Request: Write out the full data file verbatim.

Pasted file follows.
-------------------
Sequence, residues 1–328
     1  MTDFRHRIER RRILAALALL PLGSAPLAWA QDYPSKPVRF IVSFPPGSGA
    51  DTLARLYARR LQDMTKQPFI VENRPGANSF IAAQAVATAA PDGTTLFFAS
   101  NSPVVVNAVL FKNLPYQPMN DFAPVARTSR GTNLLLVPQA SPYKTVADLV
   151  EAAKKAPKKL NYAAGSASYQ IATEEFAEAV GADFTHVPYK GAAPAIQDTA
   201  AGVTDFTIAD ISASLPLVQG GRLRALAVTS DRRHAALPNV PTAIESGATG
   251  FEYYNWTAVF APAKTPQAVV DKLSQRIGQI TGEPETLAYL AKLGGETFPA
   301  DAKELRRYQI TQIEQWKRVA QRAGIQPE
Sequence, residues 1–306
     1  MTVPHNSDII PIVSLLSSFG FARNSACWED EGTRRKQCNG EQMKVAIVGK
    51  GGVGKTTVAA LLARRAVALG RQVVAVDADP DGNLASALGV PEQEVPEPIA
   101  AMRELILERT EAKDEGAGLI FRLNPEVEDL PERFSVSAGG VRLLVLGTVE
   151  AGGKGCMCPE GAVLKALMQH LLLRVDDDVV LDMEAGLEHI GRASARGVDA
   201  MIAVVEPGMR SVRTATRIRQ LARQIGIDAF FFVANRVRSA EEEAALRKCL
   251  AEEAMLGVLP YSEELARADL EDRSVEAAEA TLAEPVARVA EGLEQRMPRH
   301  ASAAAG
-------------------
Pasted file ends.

Sequence, residues 1–328
     1  MTDFRHRIER RRILAALALL PLGSAPLAWA QDYPSKPVRF IVSFPPGSGA
    51  DTLARLYARR LQDMTKQPFI VENRPGANSF IAAQAVATAA PDGTTLFFAS
   101  NSPVVVNAVL FKNLPYQPMN DFAPVARTSR GTNLLLVPQA SPYKTVADLV
   151  EAAKKAPKKL NYAAGSASYQ IATEEFAEAV GADFTHVPYK GAAPAIQDTA
   201  AGVTDFTIAD ISASLPLVQG GRLRALAVTS DRRHAALPNV PTAIESGATG
   251  FEYYNWTAVF APAKTPQAVV DKLSQRIGQI TGEPETLAYL AKLGGETFPA
   301  DAKELRRYQI TQIEQWKRVA QRAGIQPE
Sequence, residues 1–306
     1  MTVPHNSDII PIVSLLSSFG FARNSACWED EGTRRKQCNG EQMKVAIVGK
    51  GGVGKTTVAA LLARRAVALG RQVVAVDADP DGNLASALGV PEQEVPEPIA
   101  AMRELILERT EAKDEGAGLI FRLNPEVEDL PERFSVSAGG VRLLVLGTVE
   151  AGGKGCMCPE GAVLKALMQH LLLRVDDDVV LDMEAGLEHI GRASARGVDA
   201  MIAVVEPGMR SVRTATRIRQ LARQIGIDAF FFVANRVRSA EEEAALRKCL
   251  AEEAMLGVLP YSEELARADL EDRSVEAAEA TLAEPVARVA EGLEQRMPRH
   301  ASAAAG